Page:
The economic collapse of 2008 would prove to be a watershed moment for opera companies, depressing ticket sales, donations, and endowment values. These sudden, acute financial stresses exposed underlying structural weaknesses, and several large opera companies, including Opera Pacific and Baltimore Opera, closed for good. The New York City Opera plundered its endowment in order to stay alive. (It would limp along in a much-reduced form until it declared bankruptcy in 2013.)

Other companies pared back their activities, presenting fewer productions and performances. With fewer shows available, even regular operagoers attended less frequently. At the same time, with costs, predominantly for labor, increasing, and ticket prices unable to keep pace, the gap between total expenses and box office income widened precipitously. An OPERA America survey of 97 companies showed that in 2000, they covered 38 percent of their costs through box office, just a one percent dip from 1990. In 2010, box office for 82 companies accounted for 27.7 percent. The growing need for donations, coupled with an audience profile of more single-ticket buyers and fewer subscribers and potential donors, meant that new avenues and strategies for fundraising would have to be found.

Bojan Knezevic and John Duykers in Opera Parallèle’s Wozzeck in January 2010
Bojan Knezevic and John Duykers in Opera Parallèle’s Wozzeck in January 2010 (photo: Steve DiBartolomeo)

With these forces buffeting established companies, smaller, more nimble organizations began to form. Technology and the burgeoning of social media were lowering barriers to entry, and metropolitan areas with high concentrations of artists began to see the creation of companies interested in exploring niches beyond the standard operatic repertoire. Gotham Chamber Opera, founded by the conductor Neal Goren to explore obscure chamber operas, staged its first production in 2001 in a tiny theater. It gradually expanded to larger spaces and higher production values (such as in its 2010 production of Haydn’s Il mondo della luna at the Hayden Planetarium), but it maintained its repertoire direction and relatively small budget. (It closed in 2015.) In the Bay Area, conductor Nicole Paiement’s new Opera Parallèle performed contemporary operas, starting with the 2007 world premiere of Lou Harrison and Robert Gordon’s Young Caesar. Other new organizations forged even more unconventional paths: In 2006, Beth Morrison Projects was launched to incubate new operas, creating partnerships to fund the commissioning and production of works by young creators not yet on the radar of larger organizations. Opera on Tap was founded in a Brooklyn bar in 2005 as a way to take opera out of the opera house and give singers opportunities to perform; it now has chapters in numerous cities.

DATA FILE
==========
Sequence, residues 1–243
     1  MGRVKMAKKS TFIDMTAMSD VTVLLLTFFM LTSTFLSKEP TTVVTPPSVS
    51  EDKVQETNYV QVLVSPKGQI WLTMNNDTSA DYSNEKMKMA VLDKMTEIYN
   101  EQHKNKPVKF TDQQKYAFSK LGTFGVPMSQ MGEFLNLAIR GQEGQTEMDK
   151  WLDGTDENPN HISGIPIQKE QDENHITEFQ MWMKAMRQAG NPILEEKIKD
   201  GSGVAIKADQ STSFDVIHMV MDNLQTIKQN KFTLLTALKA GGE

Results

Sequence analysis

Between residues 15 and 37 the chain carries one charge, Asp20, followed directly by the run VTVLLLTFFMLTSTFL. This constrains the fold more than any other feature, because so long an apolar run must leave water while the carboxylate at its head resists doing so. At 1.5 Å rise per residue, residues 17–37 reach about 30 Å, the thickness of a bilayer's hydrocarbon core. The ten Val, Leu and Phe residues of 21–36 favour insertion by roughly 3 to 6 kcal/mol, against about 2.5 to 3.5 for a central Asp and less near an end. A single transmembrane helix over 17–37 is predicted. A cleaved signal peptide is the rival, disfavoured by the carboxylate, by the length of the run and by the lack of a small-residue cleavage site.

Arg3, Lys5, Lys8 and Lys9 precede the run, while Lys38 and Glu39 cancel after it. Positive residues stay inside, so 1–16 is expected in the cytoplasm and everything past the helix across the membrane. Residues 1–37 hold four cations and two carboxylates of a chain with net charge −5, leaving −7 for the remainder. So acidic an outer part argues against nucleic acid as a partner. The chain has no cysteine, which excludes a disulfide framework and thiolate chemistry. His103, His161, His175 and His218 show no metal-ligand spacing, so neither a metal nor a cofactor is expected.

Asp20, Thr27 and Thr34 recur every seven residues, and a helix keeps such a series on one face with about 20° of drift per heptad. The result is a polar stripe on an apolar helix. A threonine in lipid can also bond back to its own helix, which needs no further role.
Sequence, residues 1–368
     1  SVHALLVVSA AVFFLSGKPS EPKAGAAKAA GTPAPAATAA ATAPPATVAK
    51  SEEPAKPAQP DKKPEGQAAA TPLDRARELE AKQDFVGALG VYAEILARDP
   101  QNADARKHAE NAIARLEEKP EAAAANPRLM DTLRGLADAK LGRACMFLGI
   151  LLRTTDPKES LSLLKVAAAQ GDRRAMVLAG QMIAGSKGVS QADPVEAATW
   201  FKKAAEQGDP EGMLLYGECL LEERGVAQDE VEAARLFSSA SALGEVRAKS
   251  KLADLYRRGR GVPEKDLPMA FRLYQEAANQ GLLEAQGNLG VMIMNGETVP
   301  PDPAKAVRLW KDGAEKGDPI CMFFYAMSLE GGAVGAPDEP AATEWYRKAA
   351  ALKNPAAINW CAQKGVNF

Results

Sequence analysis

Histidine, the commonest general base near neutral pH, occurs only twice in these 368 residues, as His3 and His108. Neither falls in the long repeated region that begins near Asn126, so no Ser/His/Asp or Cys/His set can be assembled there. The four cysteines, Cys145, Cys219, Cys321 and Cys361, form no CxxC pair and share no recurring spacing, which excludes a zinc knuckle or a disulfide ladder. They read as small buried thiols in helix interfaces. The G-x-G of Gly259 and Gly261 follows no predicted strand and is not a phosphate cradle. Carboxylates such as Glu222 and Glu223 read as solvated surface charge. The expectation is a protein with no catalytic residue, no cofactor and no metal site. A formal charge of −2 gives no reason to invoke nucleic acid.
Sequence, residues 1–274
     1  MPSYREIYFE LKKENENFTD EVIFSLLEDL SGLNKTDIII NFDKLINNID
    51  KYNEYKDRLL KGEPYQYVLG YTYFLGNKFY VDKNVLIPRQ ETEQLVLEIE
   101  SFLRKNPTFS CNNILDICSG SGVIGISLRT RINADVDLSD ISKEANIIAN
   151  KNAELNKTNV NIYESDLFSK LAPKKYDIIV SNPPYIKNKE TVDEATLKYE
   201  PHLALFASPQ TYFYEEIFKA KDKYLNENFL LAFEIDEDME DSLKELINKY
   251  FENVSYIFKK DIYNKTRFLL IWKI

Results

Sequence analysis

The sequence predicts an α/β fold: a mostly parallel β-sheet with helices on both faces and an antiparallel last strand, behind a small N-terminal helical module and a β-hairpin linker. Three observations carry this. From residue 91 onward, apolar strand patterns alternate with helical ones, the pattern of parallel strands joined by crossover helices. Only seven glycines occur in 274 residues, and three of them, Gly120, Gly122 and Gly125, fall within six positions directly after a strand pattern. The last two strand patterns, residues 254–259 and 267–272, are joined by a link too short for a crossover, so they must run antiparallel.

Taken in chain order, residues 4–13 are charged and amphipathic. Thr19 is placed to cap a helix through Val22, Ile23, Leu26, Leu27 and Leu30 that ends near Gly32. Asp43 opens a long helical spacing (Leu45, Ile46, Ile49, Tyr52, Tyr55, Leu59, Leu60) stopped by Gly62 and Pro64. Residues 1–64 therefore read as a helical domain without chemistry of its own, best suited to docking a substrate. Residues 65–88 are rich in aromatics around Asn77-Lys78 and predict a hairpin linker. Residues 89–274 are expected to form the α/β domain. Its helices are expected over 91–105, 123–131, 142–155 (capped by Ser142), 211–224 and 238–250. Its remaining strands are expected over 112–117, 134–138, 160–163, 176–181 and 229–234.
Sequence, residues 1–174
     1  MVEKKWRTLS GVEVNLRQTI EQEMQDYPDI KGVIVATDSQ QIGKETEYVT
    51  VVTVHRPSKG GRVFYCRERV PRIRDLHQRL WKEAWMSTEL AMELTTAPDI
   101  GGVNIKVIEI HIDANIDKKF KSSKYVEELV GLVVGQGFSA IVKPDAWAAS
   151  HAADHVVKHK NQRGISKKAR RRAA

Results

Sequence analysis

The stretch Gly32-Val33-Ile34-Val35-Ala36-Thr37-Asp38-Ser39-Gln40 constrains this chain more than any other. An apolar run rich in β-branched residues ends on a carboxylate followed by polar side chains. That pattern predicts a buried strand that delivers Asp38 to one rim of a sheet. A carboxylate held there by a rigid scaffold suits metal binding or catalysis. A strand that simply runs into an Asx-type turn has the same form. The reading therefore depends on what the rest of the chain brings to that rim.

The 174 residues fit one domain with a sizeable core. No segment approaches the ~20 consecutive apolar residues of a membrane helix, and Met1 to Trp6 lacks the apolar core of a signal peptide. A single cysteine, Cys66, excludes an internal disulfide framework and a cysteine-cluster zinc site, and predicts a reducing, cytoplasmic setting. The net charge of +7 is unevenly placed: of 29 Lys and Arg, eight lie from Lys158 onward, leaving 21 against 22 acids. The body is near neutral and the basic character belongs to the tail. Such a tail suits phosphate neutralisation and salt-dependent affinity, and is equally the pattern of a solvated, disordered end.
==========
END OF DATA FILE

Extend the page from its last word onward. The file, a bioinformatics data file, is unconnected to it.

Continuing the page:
The increased fragility of the business model also prompted established opera companies to expand their artistic horizons by commissioning and presenting more new works. After the resounding success of Jake Heggie and Terrence McNally’s Dead Man Walking at the San Francisco Opera (October 2000), seven other opera companies collaborated on a more portable production; the piece has been a regular presence in theaters ever since. Generous support from such sources as the Andrew W. Mellon Foundation encouraged more opera companies to embark on such projects, and North American companies produced an average of over 30 world premieres in each year of the decade. They ranged from large-scale works like Richard Danielpour and Toni Morrison’s Margaret Garner and John Adams and Peter Sellar’s Doctor Atomic to more intimate pieces, like Tom Cipullo’s Glory Denied and David Lang’s the little match girl passion. Like Dead Man Walking, these works lived beyond their world premieres, getting picked up and presented by new companies, and contributing to an artistic flowering that still continues.

One other major game-changer of the decade — the 2006 launch of the Metropolitan Opera’s HD transmissions into cinemas — would also push opera companies around the country to self-examination. If their patrons could access the Metropolitan Opera for $25, what could they offer that was unique and special to their own markets? Financial stresses and new technology had helped to spark innovation, and the decade’s shakeups of the opera world would continue to resonate. Business as usual was no longer an option.

This article was published in the Summer 2020 issue of Opera America Magazine.